I’d rather be alive and broke than dead and still in a functioning economy. In recent days as this whole new reality, this bizarre world of social distancing and quarantines and complete and total lockdowns, this thought has become a light sort of mantra, the general idea being that the economic sacrifice of shutting down restaurants, offices, and retail outlets to quell the spread of this new deadly virus (the result, I always finding myself thinking, of some dude somewhere in China deciding eating undercooked bat meat was a good idea) would be worth it in the sheer number of lives saved. Japan, it turns out, seems to operating under the complete opposite doctrine.
Really I’d compare living in current bizzaro state-of-emergency-in-name-only Japan after watching things unfold (badly, it should be said) around the world to watching Jaws and knowing that there’s a giant rabid shark (can sharks get rabies?) swimming in the water where those teenagers are gonna try to get it on. Since Prime Minister Abe declared a State of “Emergency” earlier this week, it’s become abundantly clear that what he had in mind lies somewhere between an “Emergency” in name only and some oddball reinforcement of the tried-and-true nihonjinron concept of Japan being safe from the worst of the coronavirus outbreak simply by being Japan. Yes, it is the 21st century and, yes, just like the rest of the world, Japan is still being run by morons.
Perhaps the most encouraging thing about the last several weeks and the incredible institutional dumbness on display has been the Japanese public’s reaction. Yes, there are your typical idiots who show up on TV (I’m looking at you man on the street who went viral after saying that you’d dance the coronavirus away in the club) and there are your usual hardheaded ultra-conservative white-collar jijiis out there who are (a) refusing to work from home, (b) have hamstrung their company’s ability to work from home with years of antiquated office policies (fax machines and old-fashioned ink seals are still a thing here), or (c) are absolutely refusing to acknowledge that coronavirus is even a thing and still going out for drinks with their kohai after work. BUT on social media, the ire and righteous frustration with the Abe government and its amazing ability to handle the pandemic in the worst way possible while somehow thus far avoiding avoiding disastrous consequences was been far greater than I can remember it being at any other time in my life in Japan. From memes about Shinzo Abe’s plan to send every household in Japan TWO reuseable masks regardless of how many people are living there or whether or not that would qualify as a worthy use of taxpayer money to strongly worded anti-government tweets, Japan seems to actually care about their government for once. I know it doesn’t seem like much for those of you whose Twitter timelines are pretty much just 75% tweets about Trump but on typically frivolous Japanese Twitter this is virtually Antifa.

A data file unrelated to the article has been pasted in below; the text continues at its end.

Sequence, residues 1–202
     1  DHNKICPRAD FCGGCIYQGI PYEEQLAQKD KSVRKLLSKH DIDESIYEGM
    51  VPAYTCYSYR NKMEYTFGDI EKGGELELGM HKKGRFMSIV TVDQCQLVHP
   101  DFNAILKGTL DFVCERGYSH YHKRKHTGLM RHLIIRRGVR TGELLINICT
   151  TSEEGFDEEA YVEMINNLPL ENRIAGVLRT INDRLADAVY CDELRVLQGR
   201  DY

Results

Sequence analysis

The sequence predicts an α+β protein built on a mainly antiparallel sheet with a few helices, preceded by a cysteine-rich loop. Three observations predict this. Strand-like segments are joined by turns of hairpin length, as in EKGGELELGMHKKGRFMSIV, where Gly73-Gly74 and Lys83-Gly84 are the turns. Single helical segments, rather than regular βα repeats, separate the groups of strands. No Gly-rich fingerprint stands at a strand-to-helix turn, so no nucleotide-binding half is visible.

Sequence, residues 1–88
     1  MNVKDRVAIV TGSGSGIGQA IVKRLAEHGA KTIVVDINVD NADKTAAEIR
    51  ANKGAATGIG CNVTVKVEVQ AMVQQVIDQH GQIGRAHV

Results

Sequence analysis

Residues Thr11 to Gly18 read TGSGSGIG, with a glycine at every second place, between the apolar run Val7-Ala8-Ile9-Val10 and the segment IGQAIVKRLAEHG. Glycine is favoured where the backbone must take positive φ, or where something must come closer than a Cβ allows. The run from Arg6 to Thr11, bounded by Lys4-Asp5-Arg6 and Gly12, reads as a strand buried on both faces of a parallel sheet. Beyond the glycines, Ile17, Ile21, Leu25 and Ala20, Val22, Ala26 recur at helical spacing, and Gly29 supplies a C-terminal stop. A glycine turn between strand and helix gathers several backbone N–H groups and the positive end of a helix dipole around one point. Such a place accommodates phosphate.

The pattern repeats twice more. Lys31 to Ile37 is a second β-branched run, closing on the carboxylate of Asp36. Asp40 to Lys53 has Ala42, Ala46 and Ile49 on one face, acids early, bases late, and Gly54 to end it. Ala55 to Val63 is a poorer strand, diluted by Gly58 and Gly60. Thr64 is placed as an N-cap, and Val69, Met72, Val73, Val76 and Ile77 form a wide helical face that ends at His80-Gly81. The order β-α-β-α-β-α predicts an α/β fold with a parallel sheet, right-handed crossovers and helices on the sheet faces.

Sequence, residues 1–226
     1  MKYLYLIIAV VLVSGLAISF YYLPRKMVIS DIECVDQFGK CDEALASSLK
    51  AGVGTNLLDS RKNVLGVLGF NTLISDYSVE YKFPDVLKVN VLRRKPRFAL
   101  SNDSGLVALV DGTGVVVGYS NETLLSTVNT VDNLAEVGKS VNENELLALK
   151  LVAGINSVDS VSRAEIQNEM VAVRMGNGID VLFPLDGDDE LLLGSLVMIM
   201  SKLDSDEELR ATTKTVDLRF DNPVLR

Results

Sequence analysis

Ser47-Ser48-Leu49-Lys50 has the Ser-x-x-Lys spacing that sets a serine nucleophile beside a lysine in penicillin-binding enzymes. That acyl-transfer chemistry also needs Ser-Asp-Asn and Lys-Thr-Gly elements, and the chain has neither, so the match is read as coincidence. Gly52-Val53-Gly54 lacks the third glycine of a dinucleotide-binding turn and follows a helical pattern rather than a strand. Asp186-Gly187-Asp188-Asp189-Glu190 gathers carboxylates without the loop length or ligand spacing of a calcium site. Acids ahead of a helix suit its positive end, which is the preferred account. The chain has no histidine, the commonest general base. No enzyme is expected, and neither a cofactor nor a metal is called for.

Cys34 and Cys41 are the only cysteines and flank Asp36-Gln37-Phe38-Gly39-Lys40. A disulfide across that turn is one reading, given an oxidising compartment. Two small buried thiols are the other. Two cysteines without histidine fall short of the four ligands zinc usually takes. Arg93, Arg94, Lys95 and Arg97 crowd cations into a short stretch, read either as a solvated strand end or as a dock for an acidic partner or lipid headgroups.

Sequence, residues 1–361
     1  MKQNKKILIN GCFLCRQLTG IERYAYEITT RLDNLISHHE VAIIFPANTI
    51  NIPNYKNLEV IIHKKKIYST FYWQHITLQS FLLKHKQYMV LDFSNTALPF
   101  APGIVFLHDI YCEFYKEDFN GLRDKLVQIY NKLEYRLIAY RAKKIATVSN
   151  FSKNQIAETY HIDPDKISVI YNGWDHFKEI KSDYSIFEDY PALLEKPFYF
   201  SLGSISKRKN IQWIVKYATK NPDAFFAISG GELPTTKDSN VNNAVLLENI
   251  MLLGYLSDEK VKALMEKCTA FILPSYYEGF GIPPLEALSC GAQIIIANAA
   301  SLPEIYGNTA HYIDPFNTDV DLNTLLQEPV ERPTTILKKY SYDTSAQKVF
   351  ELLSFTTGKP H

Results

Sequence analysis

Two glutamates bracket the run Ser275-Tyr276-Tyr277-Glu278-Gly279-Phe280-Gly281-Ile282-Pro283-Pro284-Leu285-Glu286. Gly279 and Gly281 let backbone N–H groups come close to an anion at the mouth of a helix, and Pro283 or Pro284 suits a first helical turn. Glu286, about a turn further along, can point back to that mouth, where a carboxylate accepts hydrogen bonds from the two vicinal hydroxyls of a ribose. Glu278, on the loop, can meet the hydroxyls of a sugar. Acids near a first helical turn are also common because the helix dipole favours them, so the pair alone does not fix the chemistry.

These are hard times and things are probably only going to get harder around the world but if you’re reading this somewhere aside from Japan, just take comfort in this: by the time Japan finally gets its act together, your country will probably already be in the clear.